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Review: The Unknown God

The Unknown God: Responses to the New Atheists, edited by John Hughes (London: SCM, 2013)


Once you’ve read a few Christian responses to the New Atheism, it’s not long before the yawning sets in.  It is difficult to find a writer on either side of this tired debate who does more than repackage old arguments, trying to convince us they are somehow new.   From the atheist side, little ‘new’ has been offered since the Baron d’Holbach’s 1770 classic, The System of Nature; little exciting has been served up since Friedrich Nietzche’s 1888 page-turner, The Anti Christ, and little philosophical erudition has appeared since Bertrand Russell’s 1957 essay, Why I am not a Christian.


However, in the wake of what we now call 9-11, the modern myth that religion and politics can be separated has been blown out of the water.  Whilst we might have expected some serious reflection on the nature of the relationship between religion and politics, the societal reaction we witnessed instead was a simplistic attack upon religion as a whole.  This was the cultural context from which the New Atheism was born, its entire credibility resting – as ever – upon the ludicrous, comforting, traditional belief that religion and politics can be separated.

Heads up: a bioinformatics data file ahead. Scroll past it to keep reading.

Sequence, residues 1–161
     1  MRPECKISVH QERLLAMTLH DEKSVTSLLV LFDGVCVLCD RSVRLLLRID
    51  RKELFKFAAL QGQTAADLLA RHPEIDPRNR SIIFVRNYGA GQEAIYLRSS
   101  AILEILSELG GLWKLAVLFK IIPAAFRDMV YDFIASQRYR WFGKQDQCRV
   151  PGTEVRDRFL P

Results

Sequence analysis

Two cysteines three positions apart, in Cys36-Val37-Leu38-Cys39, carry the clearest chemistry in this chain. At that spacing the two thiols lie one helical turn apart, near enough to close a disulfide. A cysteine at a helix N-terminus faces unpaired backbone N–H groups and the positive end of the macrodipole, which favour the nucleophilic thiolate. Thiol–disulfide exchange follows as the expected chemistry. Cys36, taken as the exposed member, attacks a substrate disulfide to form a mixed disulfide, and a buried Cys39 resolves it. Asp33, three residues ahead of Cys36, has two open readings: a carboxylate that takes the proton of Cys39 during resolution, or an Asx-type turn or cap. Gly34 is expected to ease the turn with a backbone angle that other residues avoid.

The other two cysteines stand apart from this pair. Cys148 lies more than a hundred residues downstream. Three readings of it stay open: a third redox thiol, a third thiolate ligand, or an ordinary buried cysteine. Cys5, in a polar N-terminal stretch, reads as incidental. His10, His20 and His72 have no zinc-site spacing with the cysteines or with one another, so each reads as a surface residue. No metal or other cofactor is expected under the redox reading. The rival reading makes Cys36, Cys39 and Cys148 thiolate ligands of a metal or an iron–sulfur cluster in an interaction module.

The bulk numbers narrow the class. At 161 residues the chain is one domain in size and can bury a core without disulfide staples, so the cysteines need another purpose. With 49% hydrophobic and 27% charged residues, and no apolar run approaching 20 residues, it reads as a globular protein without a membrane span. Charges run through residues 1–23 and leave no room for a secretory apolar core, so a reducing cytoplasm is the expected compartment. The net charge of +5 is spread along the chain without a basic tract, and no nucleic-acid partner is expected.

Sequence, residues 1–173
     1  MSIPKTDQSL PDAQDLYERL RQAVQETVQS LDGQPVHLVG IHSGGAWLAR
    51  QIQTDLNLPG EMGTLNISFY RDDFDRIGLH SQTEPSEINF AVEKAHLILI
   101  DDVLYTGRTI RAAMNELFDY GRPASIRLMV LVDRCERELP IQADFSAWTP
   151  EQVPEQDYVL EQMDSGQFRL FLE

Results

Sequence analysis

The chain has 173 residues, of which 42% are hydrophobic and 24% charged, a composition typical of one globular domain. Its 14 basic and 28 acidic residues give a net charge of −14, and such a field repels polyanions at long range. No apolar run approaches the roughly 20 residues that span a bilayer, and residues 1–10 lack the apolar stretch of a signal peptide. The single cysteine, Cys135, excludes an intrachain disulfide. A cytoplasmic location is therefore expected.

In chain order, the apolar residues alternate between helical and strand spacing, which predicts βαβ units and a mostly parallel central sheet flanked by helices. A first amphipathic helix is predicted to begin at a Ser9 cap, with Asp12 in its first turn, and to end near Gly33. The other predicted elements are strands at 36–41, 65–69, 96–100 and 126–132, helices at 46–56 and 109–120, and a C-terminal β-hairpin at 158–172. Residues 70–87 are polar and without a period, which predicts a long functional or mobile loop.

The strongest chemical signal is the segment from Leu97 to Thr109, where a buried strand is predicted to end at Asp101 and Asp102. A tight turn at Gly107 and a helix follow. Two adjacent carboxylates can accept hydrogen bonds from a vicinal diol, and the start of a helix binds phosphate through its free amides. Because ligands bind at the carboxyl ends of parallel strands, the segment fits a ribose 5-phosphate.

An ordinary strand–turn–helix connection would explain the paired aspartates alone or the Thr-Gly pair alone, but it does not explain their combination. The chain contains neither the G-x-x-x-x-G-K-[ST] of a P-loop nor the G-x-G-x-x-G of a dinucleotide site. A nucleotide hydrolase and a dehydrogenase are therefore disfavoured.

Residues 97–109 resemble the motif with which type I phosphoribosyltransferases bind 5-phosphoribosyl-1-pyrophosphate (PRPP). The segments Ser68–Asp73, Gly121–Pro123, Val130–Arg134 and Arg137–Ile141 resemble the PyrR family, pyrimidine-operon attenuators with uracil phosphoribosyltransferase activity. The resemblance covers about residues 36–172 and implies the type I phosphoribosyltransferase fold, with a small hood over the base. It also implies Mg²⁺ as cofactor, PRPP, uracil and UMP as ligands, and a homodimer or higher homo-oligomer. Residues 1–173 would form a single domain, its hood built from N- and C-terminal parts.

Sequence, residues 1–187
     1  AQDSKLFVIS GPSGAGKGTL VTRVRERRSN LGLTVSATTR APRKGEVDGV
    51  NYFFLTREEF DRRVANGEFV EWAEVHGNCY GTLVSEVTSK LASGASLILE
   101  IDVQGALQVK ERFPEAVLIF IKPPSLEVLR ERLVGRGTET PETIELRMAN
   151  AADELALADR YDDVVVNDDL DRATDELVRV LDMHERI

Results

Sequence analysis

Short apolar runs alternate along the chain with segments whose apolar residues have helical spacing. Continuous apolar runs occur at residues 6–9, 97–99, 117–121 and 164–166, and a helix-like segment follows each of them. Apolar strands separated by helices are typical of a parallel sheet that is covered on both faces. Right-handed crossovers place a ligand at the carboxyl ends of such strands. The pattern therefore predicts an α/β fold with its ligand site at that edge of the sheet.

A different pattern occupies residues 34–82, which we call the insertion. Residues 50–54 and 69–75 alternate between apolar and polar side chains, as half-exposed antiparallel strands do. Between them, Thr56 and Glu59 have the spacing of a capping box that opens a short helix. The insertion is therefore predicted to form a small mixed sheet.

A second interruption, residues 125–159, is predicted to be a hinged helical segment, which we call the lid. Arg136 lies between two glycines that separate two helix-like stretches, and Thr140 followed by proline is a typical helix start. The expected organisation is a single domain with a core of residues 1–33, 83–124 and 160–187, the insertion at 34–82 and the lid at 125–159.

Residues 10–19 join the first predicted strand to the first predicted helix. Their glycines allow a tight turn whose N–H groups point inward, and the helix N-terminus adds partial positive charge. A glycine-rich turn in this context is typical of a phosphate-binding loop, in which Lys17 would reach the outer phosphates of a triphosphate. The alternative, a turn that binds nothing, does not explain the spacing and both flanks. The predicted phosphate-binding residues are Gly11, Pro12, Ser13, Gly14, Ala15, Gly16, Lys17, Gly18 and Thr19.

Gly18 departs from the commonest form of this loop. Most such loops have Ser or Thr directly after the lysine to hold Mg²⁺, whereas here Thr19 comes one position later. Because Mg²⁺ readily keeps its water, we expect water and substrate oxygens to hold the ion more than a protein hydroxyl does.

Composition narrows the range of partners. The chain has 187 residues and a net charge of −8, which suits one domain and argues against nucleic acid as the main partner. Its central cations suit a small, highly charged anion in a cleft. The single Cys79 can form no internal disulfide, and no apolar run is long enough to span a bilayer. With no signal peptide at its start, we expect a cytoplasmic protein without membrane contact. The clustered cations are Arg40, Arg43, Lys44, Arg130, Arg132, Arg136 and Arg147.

The tide of Christian indignation the New Atheists evoked was largely directed at the contents of their arguments, without addressing the wider political and cultural context.   There have been glorious exceptions, most notably by such figures as Terry Eagleton (focusing on politics and culture), Alister McGrath (majoring on science and philosophy) and David Bentley Hart (emphasizing history and theology).   John Hughes has succeeded in editing a small volume into which each of these insightful figures has poured the best of their insights.  Combined with a host of other deeply reflective writers and thinkers, the book carries the reader through questions concerning politics and ethics, Darwin and Dawkins, History, Suffering and Hope.


The Unknown God is comprised of sermons given to Cambridge undergraduates in a chapel setting (many of whom will – surprisingly – be deeply atheist), a context in itself which makes them readable, concise, and thought-provoking.  The end result is a book genuinely distinct from anything else in the huge range of literature on this topic, managing to hit the intellectual zenith of this debate whilst maintaining an exciting, compelling tone.


Simon Perry, Robinson College, Cambridge